This morning it was announced that Verizon Communications Inc. agreed to buy AOL Inc. in an all cash deal worth $4.4 Billion.

AOL boasts a significant advertising business with an estimated $600 million in annual revenue just from online ads. Their online properties include such known giants as The Huffington Post, TechCrunch, Engadget, Makers, and, of course,

AOL’s ability to crank in the ad revenue is a very appealing part of the deal for Verizon, not just because of the money itself. This is because AOL has developed advanced technology for selling ads and delivering high-quality web video, which would go hand in hand with their plans to launch a video service this summer.

What may come as a surprise to many of our readers (or maybe it won’t) is that AOL is still very much in the ISP business because 2.1 million people still use their dial-up service in the United States, which is probably the largest appeal to Verizon.

AOL will become a separate division within Verizon, so AOL CEO Tim Armstrong will get to keep his job. Armstrong told CNN that the AOL/Verizon combination will open growth opportunities for both parties amid the online shift to mobile. He also said that there are no plans for job cuts.

In 2014, AOL generated a revenue of $2.5 billion, which was about 9% higher than 2013 and equated to a profit of $126 million, which hey, is probably more than you thought AOL was making last year.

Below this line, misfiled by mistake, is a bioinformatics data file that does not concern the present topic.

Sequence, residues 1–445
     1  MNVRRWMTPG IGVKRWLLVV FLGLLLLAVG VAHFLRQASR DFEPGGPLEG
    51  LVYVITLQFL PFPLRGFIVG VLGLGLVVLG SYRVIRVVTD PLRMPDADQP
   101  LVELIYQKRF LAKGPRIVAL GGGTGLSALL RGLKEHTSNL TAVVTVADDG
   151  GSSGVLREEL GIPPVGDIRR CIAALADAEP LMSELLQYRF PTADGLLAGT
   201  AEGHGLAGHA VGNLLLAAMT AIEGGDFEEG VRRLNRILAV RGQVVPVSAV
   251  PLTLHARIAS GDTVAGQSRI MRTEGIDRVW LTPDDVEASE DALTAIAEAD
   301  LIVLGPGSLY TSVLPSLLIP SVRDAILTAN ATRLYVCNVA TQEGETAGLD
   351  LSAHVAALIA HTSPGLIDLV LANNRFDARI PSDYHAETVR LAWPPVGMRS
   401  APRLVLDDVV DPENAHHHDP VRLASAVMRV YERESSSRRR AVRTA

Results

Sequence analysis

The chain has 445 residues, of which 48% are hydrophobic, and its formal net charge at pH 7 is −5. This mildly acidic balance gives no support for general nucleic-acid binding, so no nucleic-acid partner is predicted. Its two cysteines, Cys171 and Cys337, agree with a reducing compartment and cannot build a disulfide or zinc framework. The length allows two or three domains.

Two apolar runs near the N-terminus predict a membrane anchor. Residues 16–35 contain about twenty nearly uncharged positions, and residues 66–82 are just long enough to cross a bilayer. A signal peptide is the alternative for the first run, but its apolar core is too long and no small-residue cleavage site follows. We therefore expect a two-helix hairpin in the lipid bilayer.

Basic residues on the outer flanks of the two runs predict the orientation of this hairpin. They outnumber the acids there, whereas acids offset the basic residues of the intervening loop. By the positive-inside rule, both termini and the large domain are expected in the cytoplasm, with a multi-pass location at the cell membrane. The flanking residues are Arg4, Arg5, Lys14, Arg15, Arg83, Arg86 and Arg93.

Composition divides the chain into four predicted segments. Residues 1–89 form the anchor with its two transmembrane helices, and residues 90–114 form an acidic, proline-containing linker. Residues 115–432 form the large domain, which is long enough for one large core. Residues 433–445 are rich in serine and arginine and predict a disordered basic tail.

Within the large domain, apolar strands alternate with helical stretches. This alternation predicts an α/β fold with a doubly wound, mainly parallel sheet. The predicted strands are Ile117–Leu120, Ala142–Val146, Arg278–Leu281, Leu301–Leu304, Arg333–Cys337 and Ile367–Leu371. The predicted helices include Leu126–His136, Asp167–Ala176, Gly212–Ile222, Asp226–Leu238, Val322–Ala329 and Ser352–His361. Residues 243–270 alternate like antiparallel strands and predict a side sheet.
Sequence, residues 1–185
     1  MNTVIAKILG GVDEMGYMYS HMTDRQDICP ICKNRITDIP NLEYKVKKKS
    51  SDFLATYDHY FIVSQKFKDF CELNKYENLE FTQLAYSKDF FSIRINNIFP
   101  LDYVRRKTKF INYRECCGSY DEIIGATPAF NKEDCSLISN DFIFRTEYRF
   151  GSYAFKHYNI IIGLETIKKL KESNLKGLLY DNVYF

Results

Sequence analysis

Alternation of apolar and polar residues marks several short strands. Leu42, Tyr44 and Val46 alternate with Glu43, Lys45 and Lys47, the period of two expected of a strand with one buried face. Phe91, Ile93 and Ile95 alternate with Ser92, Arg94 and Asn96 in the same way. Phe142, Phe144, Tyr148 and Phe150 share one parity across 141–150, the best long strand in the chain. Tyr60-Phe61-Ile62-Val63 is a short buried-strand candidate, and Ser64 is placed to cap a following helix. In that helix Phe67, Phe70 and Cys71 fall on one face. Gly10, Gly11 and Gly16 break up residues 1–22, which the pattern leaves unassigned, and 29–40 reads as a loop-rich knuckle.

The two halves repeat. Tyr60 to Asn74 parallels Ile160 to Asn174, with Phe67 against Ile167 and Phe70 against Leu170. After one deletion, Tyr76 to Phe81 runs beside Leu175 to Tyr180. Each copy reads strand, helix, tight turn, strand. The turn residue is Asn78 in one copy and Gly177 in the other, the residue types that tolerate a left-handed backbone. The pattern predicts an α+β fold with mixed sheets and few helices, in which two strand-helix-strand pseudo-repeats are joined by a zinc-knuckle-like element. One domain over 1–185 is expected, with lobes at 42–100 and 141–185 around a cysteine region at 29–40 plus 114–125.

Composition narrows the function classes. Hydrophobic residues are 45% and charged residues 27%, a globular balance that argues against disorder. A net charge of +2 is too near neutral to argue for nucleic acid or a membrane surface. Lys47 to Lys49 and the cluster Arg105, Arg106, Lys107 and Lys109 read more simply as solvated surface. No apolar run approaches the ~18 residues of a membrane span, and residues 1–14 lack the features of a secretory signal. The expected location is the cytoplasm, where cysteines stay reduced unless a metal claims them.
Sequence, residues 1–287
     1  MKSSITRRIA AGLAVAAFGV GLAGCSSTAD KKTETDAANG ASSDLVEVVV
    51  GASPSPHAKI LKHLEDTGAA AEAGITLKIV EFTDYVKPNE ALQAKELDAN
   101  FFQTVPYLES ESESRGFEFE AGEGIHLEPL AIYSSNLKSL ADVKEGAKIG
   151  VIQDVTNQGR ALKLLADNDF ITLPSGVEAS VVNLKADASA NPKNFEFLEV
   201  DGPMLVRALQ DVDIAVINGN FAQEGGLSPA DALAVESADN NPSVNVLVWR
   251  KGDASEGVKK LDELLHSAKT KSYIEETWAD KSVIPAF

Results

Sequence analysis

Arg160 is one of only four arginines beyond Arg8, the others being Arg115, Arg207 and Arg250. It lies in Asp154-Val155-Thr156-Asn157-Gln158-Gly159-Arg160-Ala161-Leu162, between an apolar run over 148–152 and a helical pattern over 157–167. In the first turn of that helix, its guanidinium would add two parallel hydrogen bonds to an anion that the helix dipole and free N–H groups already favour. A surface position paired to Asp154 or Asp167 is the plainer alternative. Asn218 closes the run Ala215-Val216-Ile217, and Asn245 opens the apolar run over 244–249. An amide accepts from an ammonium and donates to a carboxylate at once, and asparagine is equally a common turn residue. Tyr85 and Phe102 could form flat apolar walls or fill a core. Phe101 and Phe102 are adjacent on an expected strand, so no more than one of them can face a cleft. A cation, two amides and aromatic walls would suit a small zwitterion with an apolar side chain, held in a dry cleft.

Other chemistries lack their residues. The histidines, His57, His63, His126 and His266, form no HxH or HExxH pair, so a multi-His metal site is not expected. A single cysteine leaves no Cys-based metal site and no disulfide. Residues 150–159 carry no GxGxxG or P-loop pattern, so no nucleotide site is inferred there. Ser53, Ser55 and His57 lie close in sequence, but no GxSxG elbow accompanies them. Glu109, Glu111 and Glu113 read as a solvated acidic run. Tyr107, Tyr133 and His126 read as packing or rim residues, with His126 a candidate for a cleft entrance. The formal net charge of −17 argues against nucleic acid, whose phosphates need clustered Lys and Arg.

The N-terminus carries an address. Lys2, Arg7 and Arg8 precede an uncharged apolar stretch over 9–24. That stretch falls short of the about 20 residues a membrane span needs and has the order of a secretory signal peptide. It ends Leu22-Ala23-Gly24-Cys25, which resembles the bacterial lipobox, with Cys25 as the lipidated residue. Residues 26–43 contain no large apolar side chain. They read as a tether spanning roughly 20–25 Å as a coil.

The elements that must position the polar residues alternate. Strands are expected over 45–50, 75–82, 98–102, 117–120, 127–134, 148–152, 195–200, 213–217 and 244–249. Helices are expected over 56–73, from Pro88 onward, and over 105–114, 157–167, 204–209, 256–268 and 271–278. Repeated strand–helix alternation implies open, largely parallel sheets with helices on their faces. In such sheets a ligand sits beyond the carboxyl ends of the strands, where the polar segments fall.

Armstrong was also quoted as saying, “This gives us a real seat at the table for the future of media and technology” because AOL has ideas, they just don’t have the capital that they once had before the internet bubble burst and a defunct merger with Time Warner. He also believes that this merger of his company and Verizon will, “create what I think is the largest mobile and video business in the United States.” That remains to be seen, of course, but they certainly will have some competition for that title.

The deal is not expected to receive much opposition from regulatory agencies and should close this summer pending their approvals.

Sources: CNN Money, WSJ

About the author

Nick Schiwy

Nick is an tech enthusiast, programmer and general geek. He works full time in the IT field but still has plenty of time to keep up with all of the tech gossip that is going around!